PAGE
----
November 22, 2018

Winnipeg
-6° C, Overcast

Full Forecast

Advertisement

Advertise With Us

Rollicking revelry in pre-war Shanghai

Hey there, time traveller!
This article was published 23/7/2016 (852 days ago), so information in it may no longer be current.

Evelyn Waugh once titled a book of his travel writing When the Going Was Good. That sums up the city of Shanghai, lovingly brought to life, in this non-fiction doorstopper that assaults all the senses.

Veteran Montreal writer Taras Grescoe has six books under his belt, including his latest prize-winning title, 2012’s Straphanger: Saving Our Cities and Ourselves From the Automobile.

Here we are given a historical view of the former “Paris of the East.” The history is second, however, to the characters Grescoe has researched in great detail, with the emphasis here (as the subtitle suggests) being on the 1930s.

These include “Morris (Two-Gun) Cohen, a Jewish brawler from London’s East End, who after saving the life of a Cantonese cook on the Canadian Prairies was named a general in the movement to liberate China from seven centuries of Manchu domination.”

Get the full story.
No credit card required. Cancel anytime.

Join free for 30 days

After that, pay as little as $0.99 per month for the best local news coverage in Manitoba.

 

Already a subscriber?

Log in

Join free for 30 days

 

Already a subscriber?

Log in

Subscribers Log in below to continue reading,
not a subscriber? Create an account to start a 30 day free trial.

Log in Create your account

Your free trial has come to an end.

We hope you have enjoyed your trial! To continue reading, we recommend our Read Now Pay Later membership. Simply add a form of payment and pay only 27¢ per article.

For unlimited access to the best local, national, and international news and much more, try an All Access Digital subscription:

Thank you for supporting the journalism that our community needs!

Your free trial has come to an end.

We hope you have enjoyed your trial! To continue reading, we recommend our Read Now Pay Later membership. Simply add a form of payment and pay only 27¢ per article.

For unlimited access to the best local, national, and international news and much more, try an All Access Digital subscription:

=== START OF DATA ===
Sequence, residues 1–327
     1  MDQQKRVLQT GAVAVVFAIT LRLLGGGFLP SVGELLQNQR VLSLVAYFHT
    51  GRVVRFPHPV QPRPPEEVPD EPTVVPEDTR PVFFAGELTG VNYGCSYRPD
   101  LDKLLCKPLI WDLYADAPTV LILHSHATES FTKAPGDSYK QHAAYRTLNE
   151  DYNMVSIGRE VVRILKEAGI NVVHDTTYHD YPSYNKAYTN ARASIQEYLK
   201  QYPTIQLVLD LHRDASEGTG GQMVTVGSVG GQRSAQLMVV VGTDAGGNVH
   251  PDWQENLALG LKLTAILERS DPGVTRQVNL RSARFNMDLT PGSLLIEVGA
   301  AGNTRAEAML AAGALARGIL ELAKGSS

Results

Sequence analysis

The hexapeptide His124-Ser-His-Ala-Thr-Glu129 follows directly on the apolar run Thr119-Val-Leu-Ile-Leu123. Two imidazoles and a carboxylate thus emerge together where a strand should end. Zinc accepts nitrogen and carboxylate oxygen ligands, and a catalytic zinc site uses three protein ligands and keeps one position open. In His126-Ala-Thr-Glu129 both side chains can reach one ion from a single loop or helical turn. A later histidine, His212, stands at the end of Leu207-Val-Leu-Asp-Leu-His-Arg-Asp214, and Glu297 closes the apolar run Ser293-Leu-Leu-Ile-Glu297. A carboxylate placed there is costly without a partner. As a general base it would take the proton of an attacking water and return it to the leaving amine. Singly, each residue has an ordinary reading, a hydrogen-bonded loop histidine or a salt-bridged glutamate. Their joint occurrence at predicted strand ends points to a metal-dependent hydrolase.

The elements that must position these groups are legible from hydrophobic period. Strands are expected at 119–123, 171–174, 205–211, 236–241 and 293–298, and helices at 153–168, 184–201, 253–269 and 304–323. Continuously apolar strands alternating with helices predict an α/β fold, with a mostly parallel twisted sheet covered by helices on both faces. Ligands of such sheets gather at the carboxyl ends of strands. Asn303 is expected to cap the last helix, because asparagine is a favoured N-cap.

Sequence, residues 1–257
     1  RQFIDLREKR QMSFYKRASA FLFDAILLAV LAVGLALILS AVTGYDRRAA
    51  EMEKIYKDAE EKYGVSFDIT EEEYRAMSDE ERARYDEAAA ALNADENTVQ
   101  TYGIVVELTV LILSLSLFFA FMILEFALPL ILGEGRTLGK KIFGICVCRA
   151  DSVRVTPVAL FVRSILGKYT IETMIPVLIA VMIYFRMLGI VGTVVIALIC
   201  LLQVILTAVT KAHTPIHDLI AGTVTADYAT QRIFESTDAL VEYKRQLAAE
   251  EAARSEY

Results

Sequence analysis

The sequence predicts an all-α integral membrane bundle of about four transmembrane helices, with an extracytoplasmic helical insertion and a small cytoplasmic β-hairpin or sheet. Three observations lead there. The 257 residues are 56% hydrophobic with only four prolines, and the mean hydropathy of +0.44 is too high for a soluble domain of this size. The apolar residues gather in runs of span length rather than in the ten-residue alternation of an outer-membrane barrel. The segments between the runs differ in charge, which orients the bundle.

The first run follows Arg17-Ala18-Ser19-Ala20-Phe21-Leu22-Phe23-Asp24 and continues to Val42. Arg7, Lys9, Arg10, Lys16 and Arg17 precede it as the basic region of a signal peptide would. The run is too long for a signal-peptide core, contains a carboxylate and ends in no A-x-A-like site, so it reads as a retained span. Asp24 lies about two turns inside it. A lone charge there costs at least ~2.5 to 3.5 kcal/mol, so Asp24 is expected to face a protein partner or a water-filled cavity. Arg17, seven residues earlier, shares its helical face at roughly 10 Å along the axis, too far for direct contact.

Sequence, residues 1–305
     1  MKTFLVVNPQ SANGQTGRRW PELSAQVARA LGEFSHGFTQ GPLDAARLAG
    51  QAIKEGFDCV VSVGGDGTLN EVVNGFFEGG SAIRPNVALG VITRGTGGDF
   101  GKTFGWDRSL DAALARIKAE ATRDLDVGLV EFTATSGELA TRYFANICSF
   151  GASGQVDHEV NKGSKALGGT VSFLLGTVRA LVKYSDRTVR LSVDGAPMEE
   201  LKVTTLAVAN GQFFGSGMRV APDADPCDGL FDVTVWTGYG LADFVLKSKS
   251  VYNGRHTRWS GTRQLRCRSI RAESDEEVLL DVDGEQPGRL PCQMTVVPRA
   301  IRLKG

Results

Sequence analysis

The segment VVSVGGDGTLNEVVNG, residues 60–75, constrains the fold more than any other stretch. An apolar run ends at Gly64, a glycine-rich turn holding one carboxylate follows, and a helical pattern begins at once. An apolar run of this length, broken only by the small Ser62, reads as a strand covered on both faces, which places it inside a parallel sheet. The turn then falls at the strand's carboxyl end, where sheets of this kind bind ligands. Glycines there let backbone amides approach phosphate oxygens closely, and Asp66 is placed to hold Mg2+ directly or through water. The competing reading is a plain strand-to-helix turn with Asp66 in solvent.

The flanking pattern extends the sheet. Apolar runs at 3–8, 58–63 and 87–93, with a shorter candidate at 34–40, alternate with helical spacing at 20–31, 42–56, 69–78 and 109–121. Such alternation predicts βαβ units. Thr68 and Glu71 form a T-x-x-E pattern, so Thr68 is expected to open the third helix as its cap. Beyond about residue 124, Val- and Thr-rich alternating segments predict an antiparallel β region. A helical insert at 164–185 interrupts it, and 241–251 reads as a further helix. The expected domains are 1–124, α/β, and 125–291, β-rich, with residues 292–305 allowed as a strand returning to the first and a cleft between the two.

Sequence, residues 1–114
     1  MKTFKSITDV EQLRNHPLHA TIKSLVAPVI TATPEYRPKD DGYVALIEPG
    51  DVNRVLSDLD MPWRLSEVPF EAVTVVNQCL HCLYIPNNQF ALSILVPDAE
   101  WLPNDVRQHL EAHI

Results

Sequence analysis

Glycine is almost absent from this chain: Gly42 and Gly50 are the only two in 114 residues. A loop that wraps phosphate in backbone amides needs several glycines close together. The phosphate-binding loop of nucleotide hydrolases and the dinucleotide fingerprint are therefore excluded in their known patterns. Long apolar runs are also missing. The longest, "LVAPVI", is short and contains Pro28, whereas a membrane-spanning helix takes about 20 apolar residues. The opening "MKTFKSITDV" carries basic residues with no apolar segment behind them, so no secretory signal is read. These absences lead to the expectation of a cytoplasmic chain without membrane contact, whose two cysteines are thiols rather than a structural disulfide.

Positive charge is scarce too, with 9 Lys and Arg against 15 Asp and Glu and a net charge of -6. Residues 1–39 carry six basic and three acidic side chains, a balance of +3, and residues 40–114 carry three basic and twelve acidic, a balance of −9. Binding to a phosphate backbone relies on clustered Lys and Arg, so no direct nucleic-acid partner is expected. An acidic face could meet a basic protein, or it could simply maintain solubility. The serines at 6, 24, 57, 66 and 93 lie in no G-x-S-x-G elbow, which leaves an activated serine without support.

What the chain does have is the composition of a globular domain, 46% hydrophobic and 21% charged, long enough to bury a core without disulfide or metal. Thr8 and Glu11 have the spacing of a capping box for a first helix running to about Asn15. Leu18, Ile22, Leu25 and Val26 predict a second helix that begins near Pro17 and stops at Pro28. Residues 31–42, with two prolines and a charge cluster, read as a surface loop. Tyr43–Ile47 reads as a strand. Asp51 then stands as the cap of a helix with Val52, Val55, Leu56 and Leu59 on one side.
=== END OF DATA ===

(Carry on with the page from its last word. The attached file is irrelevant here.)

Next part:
Thank you for supporting the journalism that our community needs!

We hope you have enjoyed your free trial!

To continue reading, select a plan below:

All Access Digital

Introductory pricing*

99¢

per month

  • Unlimited online reading and commenting
  • Daily newspaper replica e-Edition
  • News Break - our award-winning iOS app
  • Exclusive perks & discounts
Continue

Read Now Pay Later

Pay

27¢

per article

  • Commitment-free
  • Cancel anytime
  • Only pay for what you read
  • Refunds available
Continue

*Introductory pricing schedule for 12 month: $0.99/month plus tax for first 3 months, $5.99/month for months 4 - 6, $10.99/month for months 7 - 9, $13.99/month for months 10 - 12. Standard All Access Digital rate of $16.99/month begins after first year.

We hope you have enjoyed your free trial!

To continue reading, select a plan below:

Read Now Pay Later

Pay

27¢

per article

  • Commitment-free
  • Cancel anytime
  • Only pay for what you read
  • Refunds available
Continue

All Access Digital

Introductory pricing*

99¢

per month

  • Unlimited online reading and commenting
  • Daily newspaper replica e-Edition
  • News Break - our award-winning iOS app
  • Exclusive perks & discounts
Continue

Mon to Sat Delivery

Pay

$34.36

per month

  • Includes all benefits of All Access Digital
  • 6-day delivery of our award-winning newspaper
Continue

*Introductory pricing schedule for 12 month: $0.99/month plus tax for first 3 months, $5.99/month for months 4 - 6, $10.99/month for months 7 - 9, $13.99/month for months 10 - 12. Standard All Access Digital rate of $16.99/month begins after first year.

We hope you have enjoyed your free trial!

To continue reading, select a plan below:

All Access Digital

Introductory pricing*

99¢

per month

  • Unlimited online reading and commenting
  • Daily newspaper replica e-Edition
  • News Break - our award-winning iOS app
  • Exclusive perks & discounts
Continue

Read Now Pay Later

Pay

27¢

per article

  • Commitment-free
  • Cancel anytime
  • Only pay for what you read
  • Refunds available
Continue

*Introductory pricing schedule for 12 month: $0.99/month plus tax for first 3 months, $5.99/month for months 4 - 6, $10.99/month for months 7 - 9, $13.99/month for months 10 - 12. Standard All Access Digital rate of $16.99/month begins after first year.

We hope you have enjoyed your free trial!

To continue reading, select a plan below: